Manufacturing Innovation – Who Do The Little Guys Turn To?

Dec. 21, 2020
Learn how organizations like the National Institute of Standards and Technology and Delaware Valley Industrial Resource Center are working to close the manufacturing innovation gap which impacts many small to mid-sized manufacturing companies.

In today’s world, small to mid-sized manufacturing companies are in a difficult spot when considering how to take the correct steps towards adopting new technology or business processes. They do not have easy access to industry experts and consultants like their bigger siblings in Fortune 1000 ranks. Based on this gap in exposure, they often struggle to get insight into trends, opportunities, and innovation for where to best invest. To confuse the issue further, they are bombarded by a myriad of technology vendors with point solutions that are very specific to a particular need but do not provide a cure for all that ails them. They know they should tweak and tune their manufacturing processes, but struggle to transition their business from the prior manufacturing approaches to those of a lean culture.

Often, the result of this “full frontal” assault is that a manufacturer will take the plunge on a technology point solution that makes significant promises but may not capture all the details of their true need. Consequently, they fall well short of realizing the potential of the solution that they thought would cure their pains (at least a little). As a holistic technology consultant and solution company, Avanceon has tried to close the gap for our small / mid-size customers but we lack the scale and business alignment to support the large and diverse number of companies that need this help. We are strong at connecting the dots for manufacturers at a detailed vision and plan level (and then executing the plan), but that approach fits about half of the small to mid-sized market.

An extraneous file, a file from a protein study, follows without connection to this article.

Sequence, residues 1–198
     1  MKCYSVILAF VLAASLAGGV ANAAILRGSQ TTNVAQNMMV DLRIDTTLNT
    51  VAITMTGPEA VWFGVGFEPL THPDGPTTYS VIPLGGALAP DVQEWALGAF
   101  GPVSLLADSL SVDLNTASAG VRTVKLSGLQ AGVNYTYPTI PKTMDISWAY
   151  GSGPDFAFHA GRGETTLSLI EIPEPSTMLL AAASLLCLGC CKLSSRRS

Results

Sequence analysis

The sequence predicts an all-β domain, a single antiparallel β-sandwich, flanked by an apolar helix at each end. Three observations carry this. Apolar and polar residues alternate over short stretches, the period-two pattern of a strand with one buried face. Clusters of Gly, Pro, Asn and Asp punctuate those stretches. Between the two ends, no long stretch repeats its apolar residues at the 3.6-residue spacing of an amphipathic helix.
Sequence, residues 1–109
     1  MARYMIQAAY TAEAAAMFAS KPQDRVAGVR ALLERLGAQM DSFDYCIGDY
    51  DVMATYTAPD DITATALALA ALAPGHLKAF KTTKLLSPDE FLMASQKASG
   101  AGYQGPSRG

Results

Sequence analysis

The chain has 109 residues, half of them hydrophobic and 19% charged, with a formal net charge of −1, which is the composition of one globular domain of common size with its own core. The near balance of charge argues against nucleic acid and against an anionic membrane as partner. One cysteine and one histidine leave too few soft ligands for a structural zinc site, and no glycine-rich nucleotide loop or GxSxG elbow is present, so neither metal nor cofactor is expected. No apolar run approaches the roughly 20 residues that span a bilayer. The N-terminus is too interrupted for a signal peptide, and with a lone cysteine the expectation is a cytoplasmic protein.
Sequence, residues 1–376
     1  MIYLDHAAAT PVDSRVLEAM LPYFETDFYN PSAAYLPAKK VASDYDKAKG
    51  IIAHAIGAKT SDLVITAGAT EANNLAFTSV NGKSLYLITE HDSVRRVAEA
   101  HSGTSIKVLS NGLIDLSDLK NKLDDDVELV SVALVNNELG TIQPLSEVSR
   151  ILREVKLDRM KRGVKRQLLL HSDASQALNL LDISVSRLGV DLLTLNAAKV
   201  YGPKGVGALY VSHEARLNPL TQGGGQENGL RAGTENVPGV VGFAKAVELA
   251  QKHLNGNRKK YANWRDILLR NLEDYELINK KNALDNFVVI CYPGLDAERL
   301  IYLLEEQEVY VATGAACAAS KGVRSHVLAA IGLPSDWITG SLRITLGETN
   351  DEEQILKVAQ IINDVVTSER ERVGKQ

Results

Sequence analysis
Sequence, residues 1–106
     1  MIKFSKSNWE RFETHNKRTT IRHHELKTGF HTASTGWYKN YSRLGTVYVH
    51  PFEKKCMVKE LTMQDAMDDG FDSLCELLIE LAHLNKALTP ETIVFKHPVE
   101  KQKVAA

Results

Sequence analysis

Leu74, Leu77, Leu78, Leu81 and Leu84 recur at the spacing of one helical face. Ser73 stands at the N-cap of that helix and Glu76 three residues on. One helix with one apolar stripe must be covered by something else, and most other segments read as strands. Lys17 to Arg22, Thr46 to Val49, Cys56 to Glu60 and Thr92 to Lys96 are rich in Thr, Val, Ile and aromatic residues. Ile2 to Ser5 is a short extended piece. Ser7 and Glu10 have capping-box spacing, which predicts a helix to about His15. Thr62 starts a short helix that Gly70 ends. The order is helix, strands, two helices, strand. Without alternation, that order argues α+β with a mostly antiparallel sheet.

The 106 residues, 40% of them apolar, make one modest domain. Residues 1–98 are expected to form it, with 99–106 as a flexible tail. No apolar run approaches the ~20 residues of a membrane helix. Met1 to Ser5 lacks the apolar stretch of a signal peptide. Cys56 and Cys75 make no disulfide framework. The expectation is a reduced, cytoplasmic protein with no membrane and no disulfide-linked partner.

The U.S. government also sees the gap in meeting the needs of small to mid-sized manufacturers. The goal of the U.S. government is to stimulate innovation and growth in American manufacturing, as well as ensure the same innovation gets transferred to defense providers (i.e. we want to continue to have the most innovative and solid defense possible in the world). As a result, they developed, through the United States Department of Commerce, the National Institute of Standards and Technology (NIST) Manufacturing Extension Partnership (MEP). Through the MEP the Government stimulates the growth and penetration of new ideas and technologies to those that would otherwise not have access to them.

In the Philadelphia / Delaware valley region, the MEP relies on the efforts of the DVIRC (Delaware Valley Industrial Resource Center) to promote and drive the concepts of Industry 4.0, lean manufacturing, and strong investment in the human element. The DVIRC is tasked with reaching out to this segment of the manufacturing community, engaging to drive innovation and efficiency. Avanceon has worked with the DVIRC to meet the people development and technical innovation needs for a number of manufacturers in the local community. It was encouraging to see the method and scale of help the resource center could provide to those that would often go underserved.

At Avanceon we see the value of, and the need for, the matchmaking and consultative role of the DVIRC and organizations like them around the country to drive innovation at the grass roots level. We think it’s a great step in the right direction. What do you see as an answer to solve the innovation gap in manufacturing?

Matt Ruth is President of Avanceon, a certified member of the Control System Integrators Association (CSIA). For more information about Avanceon, visit its profile on the CSIA Industrial Automation Exchange.